And do you want to know the most amazing part of Paul’s writing? He wrote this whole letter – this entire treatise on true joy – from the confines of a dark, dank prison cell. How about that? He was able to describe joy in the most miserable setting imaginable. And right out of the gate, at the outset of the letter, Paul wrote with a gratitude utterly contradictory to his surroundings:

I thank my God every time I remember you, constantly praying with joy in every one of my prayers for all of you, because of your sharing in the gospel from the first day until now. I am confident of this, that the one who began a good work among you will bring it to completion by the day of Jesus Christ.

Just as Sartre declared that the transcendent can be visible on our faces, Paul proclaimed that Christ is at work in our lives, sanctifying us as individuals and drawing us together in community. And nothing – not even the traumas that befall us on the outside – can prevent Christ’s work from being completed. That’s good news!

That’s the subject of this Sunday’s sermon, the first in our new series, simply titled,
“Joy! A Journey through the Bible’s Most Joyful Book.”
We’ll begin with a sermon titled, “Why is This Man Smiling?” based on Philippians 1:1-11. I would invite you to prepare for worship by simply reading the four short chapters of Philippians for yourself, and experience the whole of this book’s message for yourself. It is filled with some of the most often memorized and quoted passages in the Bible, and it has the power to show you the kind of joyful life you’ve always wanted to live.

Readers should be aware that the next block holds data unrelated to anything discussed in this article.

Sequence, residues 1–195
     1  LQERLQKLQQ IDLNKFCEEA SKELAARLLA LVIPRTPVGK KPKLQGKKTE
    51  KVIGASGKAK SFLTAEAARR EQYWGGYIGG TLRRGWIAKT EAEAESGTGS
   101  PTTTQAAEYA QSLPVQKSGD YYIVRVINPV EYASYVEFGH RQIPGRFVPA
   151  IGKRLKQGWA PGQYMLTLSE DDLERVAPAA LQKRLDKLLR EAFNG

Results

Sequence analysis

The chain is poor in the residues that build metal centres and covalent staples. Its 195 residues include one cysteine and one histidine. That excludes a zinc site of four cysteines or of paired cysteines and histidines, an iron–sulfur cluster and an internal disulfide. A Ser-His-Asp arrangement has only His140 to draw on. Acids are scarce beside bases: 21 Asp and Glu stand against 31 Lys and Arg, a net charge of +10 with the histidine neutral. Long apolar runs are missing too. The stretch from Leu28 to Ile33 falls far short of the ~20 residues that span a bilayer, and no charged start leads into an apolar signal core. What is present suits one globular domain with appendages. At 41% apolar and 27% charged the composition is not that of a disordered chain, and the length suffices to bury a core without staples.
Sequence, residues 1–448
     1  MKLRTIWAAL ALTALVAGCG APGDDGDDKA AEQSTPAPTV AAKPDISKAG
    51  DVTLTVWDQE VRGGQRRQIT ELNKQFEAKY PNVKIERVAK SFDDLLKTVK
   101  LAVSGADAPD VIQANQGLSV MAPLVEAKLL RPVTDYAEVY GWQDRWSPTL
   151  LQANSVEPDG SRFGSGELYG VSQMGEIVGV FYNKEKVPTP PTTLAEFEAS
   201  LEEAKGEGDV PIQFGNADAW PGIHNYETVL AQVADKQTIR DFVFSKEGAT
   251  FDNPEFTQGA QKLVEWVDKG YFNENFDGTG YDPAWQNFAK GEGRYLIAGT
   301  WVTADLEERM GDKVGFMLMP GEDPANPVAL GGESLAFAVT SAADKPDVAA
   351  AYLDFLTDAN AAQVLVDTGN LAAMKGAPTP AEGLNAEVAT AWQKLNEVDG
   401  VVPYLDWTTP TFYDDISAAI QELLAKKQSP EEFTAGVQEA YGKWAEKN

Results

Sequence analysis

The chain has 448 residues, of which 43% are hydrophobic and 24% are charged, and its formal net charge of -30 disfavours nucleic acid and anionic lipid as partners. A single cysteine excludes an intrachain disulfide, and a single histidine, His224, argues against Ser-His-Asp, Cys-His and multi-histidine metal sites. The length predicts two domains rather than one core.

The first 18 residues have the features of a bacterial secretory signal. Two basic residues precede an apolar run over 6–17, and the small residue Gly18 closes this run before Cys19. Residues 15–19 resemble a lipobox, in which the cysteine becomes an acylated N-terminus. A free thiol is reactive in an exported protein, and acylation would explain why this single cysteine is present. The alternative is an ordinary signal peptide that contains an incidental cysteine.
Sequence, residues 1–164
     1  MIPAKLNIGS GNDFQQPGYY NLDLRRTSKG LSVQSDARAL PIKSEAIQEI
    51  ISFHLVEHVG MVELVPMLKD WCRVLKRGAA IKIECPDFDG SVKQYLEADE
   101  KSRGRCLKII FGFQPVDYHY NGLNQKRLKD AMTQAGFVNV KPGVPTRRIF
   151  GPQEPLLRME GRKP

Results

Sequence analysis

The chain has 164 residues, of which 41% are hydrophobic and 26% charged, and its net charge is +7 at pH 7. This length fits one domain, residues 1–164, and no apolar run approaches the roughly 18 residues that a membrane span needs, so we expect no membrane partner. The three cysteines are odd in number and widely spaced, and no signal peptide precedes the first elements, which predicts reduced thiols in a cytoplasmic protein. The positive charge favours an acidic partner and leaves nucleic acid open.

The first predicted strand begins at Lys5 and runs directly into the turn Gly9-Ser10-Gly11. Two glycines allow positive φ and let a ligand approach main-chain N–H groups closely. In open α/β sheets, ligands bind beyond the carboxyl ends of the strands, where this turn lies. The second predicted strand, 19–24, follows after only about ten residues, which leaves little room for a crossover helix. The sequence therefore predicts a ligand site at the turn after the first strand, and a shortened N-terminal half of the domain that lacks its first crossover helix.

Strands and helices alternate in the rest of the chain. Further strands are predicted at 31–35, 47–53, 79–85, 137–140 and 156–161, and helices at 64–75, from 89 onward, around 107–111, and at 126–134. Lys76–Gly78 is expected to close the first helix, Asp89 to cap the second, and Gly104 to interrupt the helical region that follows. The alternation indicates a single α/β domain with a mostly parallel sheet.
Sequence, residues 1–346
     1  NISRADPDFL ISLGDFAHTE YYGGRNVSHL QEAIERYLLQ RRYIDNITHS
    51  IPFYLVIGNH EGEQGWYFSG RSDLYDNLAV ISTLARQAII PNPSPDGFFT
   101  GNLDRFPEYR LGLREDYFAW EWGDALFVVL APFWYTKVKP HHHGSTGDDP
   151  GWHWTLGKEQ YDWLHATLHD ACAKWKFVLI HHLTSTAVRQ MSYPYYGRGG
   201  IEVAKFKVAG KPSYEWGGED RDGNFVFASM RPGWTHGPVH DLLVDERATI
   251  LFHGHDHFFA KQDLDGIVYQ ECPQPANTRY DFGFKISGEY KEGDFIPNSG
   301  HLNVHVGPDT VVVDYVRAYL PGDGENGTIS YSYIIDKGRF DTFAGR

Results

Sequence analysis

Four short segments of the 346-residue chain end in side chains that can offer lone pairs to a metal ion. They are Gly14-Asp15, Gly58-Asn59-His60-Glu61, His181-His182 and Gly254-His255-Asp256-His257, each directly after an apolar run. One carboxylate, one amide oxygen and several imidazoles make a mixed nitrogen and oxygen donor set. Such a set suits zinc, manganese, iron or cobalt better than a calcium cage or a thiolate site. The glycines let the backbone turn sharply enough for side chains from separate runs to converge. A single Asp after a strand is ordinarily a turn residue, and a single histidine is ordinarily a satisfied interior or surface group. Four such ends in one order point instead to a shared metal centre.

A Journey Through the Bible’s Most Joyful Book

“Why is This Man Smiling?”
Philippians 1:1-11
September 18, 2011

“The Choice to Rejoice”
Philippians 1:12-30
September 25, 2011

“Rooted, Grounded, United”
Philippians 2:1-30
(World Communion Sunday)
October 2, 2011

“One Worth Knowing”
Philippians 3:1-11
October 9, 2011

“Soaring in Solidarity”
Philippians 3:12-21
October 16, 2011

Children’s Sabbath
October 23, 2011

“Living a Life of Joy”
Philippians 4:1-23
October 30, 2011

Certainly, this would be a great series for you to invite a friend or family member to experience with you. You and I both know people for whom joy – real, deep, biblical joy – is an elusive gift. Let’s experience that blessing together, and share it with others.